Quayne grunted, turned in his harness, eyes flickering rapidly beneath closed lids. The webbing dug into the fleshy parts of the linguist’s upper back, but he was beyond noticing: his gauntleted hand scrolled through inlay screens, filtering and decoding the message.
An image started to form in the shared visual node, accreting from unraveled fragments of the incoming radio beam. The crew checked their breath. A human face emerged from the blank background – regal, haughty and aristocratic, cruel lines etched around thin lips, eyes smoldering with a cold, malignant fire. As they watched, the image began to change into something else – a crawling mist of black tendrils, fading into the maelstrom of background static.
“What was that?” asked Orya. The sight of the face filled her with a vague unease she couldn’t account for. To her trained eye, patterns of expression and posture spoke louder and clearer than words; yet the countenance she’d just seen was featureless, an empty mask.
Tirumal ran a facial recognition search through the ship’s memory banks, came up with nothing.
“It’s telling us something,” Quayne said. “The jets fired almost ten hours ahead of schedule. We’re closer than we thought. The singularity is moving toward us.”
Orya brought up the positional charts. “Target hasn’t budged. It’s us who are in the wrong coordinates. We’re moving faster than we thought we were. Much faster. Our nav instruments must be fried.”
“The instruments are fine.” Tirumal’s synthesized voice brimmed with tension; a muscle twitched in a smooth, pale cheek. “Take a look at the readings. To account for the difference in position, we’d have to be speeding up well beyond the capacity of the main drive. Even if Ishtar were capable of such speed, the acceleration would have smeared us all over the walls.”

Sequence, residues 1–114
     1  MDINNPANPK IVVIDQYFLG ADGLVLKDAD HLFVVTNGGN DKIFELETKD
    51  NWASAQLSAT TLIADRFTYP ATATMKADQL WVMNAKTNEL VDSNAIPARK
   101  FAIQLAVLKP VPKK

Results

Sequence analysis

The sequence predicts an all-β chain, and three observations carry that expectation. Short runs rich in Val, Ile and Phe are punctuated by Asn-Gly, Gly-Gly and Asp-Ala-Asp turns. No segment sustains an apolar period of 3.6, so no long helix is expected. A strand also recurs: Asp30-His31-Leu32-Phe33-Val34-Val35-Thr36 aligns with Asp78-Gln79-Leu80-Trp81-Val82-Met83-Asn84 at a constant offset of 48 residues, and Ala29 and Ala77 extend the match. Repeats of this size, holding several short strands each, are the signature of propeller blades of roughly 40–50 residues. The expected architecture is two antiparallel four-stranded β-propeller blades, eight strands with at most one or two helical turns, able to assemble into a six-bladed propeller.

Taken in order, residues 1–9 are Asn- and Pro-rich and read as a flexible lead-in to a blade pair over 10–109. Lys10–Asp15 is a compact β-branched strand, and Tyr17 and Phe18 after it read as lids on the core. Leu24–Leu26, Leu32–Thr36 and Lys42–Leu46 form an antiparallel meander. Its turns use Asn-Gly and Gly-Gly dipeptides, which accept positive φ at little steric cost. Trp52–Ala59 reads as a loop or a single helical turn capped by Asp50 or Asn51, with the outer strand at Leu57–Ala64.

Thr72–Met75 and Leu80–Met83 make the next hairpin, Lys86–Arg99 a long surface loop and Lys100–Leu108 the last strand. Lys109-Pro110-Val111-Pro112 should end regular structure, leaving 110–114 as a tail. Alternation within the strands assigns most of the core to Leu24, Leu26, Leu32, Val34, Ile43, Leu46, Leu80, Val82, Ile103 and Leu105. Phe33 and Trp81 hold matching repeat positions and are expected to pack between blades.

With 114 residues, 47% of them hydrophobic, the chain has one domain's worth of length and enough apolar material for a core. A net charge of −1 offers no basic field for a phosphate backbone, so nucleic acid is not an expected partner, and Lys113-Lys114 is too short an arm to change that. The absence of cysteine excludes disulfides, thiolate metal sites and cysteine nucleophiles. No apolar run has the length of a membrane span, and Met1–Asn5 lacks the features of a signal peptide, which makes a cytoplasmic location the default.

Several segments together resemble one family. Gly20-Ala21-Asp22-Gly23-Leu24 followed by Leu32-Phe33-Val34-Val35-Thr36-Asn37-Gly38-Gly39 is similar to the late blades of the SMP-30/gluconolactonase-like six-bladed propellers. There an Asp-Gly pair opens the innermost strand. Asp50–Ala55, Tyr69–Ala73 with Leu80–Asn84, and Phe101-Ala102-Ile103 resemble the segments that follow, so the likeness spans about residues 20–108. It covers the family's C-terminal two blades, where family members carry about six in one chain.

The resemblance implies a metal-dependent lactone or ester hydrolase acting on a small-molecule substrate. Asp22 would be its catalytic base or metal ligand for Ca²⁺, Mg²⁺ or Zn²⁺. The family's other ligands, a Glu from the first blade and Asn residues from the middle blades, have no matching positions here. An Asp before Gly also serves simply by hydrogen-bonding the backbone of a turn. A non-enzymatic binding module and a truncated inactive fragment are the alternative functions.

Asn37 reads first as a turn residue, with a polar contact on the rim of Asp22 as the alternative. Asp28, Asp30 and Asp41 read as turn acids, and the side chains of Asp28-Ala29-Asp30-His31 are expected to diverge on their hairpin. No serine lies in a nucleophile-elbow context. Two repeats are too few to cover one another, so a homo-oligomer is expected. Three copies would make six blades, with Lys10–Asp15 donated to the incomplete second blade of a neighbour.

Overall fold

“A paradox,” Orya said. “We’re losing speed, but covering a greater distance.”
“It would appear so.” The armorer’s composite eyes were unreadable behind their double lids. “Spacetime around the singularity is distorted. Mission Control speculated about this, but there was no way to be certain. Familiar concepts of time and distance no longer hold true.”
“We wait and hope for the best.” Tirumal followed the superimposed graphics on the display, the bright speck that represented the ship falling toward a vast black shadow. “Ishtar is already adjusting the approach trajectory.” There was a moment of silence. “We’ll be in visual range soon.”
It rose out of the seething darkness, filling their view in all directions: a twisted, disfigured structure, turning slowly in the cosmic emptiness. Enhanced eyes took in the vista, cortical implants filtered and processed, streamed it across augmented cognitive centers. Yet the mind refused to accept the input; deep, ancestral parts of the brain shrank back in instinctive revulsion and fear.
Ishtar fell into orbit around a dark, dead city of black stone, a continent-sized nightmare drawn by the pen of some insane architect. Immense windowless towers soared above ramparts the size of cities; colossal walkways and bridges tangled back on themselves in mad twists and turns, robbing the mind of all sense of perspective. Great monoliths, hundreds of kilometers tall and carven with strange images and symbols, studded the obscene metropolis, their smooth black surfaces reflecting the dim light of the distant Sun. Vaulted temples nested together in storied ziggurats, massive altars raised toward the heavens.